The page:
•     Increase of $17.9 million due to higher fees earned from HAMP and from modification fees earned on non-HAMP modifications. As a high touch servicer, we use modifications as a key loss mitigation tool. Under HAMP, subject to a program participation cap, we, as a servicer, will receive an initial incentive payment of up to $1,500 for each loan modified in accordance with HAMP subject to the condition that the borrower successfully completes a trial modification period. With this program, the servicer must forego any late fees and may not charge any other fees. In addition, provided that a HAMP modification does not become 90 days or more delinquent, we will receive an additional incentive fee of up to $1,000. Initial redefault rates have been favorable, averaging 10% to 20%. The HAMP program has an expiration date of December 31, 2012 and is only applicable to first lien mortgages that were originated on or before January 1, 2009. For non-HAMP modifications, we generally do not waive late fees, and we charge a modification fee. These amounts are collected at the time of the modification.
 
  •     Increase of $21.9 million from change in fair value on MSRs which was recognized in servicing fee income. The fair value of our MSRs is based upon the present value of the expected future cash flows related to servicing these loans. The revenue components of the cash flows are servicing fees, interest earned on custodial accounts, and other ancillary income. The expense components include operating costs related to servicing the loans (including delinquency and


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  foreclosure costs) and interest expenses on servicing advances. The expected future cash flows are primarily impacted by prepayment estimates, delinquencies, and market discount rates. Generally, the value of MSRs increases when interest rates increase and decreases when interest rates decline due to the effect those changes in interest rates have on prepayment estimates. Other factors affecting the MSR value includes the estimated effects of loan modifications on expected cash flows. Such modifications tend to positively impact cash flows by extending the expected life of the affected MSR and potentially producing additional revenue opportunities depending on the type of modification. In valuing the MSRs, we believe our assumptions are consistent with the assumptions other major market participants use. These assumptions include a level of future modification activity that we believe major market participants would use in their valuation of MSRs. Internally, we have modification goals that exceed the assumptions utilized in our valuation model. Nevertheless, were we to utilize an assumption of a level of future modifications consistent with our internal goals to our MSR valuation, we do not believe the resulting increase in value would be material.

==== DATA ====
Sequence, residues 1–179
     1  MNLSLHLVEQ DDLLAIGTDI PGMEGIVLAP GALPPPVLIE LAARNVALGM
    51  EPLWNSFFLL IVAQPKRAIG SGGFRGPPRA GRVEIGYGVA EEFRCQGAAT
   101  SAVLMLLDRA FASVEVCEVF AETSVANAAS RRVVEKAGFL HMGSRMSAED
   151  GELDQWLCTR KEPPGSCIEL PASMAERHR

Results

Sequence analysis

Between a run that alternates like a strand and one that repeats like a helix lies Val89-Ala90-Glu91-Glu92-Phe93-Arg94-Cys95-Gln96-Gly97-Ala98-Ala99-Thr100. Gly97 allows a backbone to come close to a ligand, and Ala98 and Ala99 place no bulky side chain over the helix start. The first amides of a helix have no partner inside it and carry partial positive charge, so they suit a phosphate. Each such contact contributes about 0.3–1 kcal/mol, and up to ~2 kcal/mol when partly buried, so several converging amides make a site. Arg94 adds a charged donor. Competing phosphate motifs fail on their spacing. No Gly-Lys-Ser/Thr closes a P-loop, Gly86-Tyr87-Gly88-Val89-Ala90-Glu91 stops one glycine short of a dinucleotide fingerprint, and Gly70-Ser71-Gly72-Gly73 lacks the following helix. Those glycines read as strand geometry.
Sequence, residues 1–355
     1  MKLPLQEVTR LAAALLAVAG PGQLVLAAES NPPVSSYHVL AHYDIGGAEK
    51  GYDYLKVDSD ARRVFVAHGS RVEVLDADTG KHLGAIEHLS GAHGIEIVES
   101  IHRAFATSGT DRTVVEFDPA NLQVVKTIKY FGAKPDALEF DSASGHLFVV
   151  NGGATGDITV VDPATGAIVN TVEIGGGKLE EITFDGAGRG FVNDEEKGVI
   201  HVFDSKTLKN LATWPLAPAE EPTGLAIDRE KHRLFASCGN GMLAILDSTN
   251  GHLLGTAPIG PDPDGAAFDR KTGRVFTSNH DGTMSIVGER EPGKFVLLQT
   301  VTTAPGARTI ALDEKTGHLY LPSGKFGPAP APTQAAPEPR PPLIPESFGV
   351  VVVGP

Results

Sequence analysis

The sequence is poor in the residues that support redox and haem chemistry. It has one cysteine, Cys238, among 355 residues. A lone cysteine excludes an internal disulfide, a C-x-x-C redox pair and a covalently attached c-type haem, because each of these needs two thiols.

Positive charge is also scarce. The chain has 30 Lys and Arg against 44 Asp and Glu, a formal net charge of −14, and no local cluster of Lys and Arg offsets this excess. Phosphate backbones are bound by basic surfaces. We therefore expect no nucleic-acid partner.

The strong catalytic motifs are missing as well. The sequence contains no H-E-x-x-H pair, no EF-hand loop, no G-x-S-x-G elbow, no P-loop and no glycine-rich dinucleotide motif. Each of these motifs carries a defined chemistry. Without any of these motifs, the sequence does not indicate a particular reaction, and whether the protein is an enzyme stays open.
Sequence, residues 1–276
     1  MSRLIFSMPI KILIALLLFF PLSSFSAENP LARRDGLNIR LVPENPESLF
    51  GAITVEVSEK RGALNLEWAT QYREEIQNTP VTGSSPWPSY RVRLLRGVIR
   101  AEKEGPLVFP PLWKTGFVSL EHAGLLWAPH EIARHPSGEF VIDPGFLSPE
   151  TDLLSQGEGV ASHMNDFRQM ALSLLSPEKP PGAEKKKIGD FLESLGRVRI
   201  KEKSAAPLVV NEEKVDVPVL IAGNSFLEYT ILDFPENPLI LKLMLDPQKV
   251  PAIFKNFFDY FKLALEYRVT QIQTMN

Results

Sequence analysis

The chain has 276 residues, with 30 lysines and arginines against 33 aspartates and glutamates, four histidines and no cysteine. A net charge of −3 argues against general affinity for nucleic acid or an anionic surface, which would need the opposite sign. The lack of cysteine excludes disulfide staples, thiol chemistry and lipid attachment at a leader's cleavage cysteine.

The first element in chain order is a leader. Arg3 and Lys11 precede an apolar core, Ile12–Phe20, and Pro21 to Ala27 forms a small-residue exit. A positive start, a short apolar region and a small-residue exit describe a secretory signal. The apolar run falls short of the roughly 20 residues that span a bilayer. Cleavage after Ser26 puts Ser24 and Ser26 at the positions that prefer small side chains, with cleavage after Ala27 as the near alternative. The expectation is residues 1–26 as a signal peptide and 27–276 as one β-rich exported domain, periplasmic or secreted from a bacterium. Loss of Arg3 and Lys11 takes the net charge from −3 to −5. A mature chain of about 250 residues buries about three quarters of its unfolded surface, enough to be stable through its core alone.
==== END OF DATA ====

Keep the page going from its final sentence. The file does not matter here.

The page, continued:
•     Increase of $0.9 million due to an increase in ancillary and late fees arising from growth in the servicing portfolio. Late fees are recognized as revenue at collection.
 
Other fee income was $7.3 million for the year ended December 31, 2010 compared to $8.9 million for the year ended December 31, 2009, a decrease of $1.6 million, or 18.0%, due to lower lender-placed insurance commissions and lower REO sales commissions resulting from a decline in REO sales managed by our internal REO sales group.
 
The following table provides other fee income by primary servicing and subservicing for the periods indicated.
 
                 
   
Year Ended December 31,
 
   
2010
   
2009
 
    (in thousands)  
 
Other fee income
               
Primary servicing
    $6,865       $8,867  
Subservicing
    408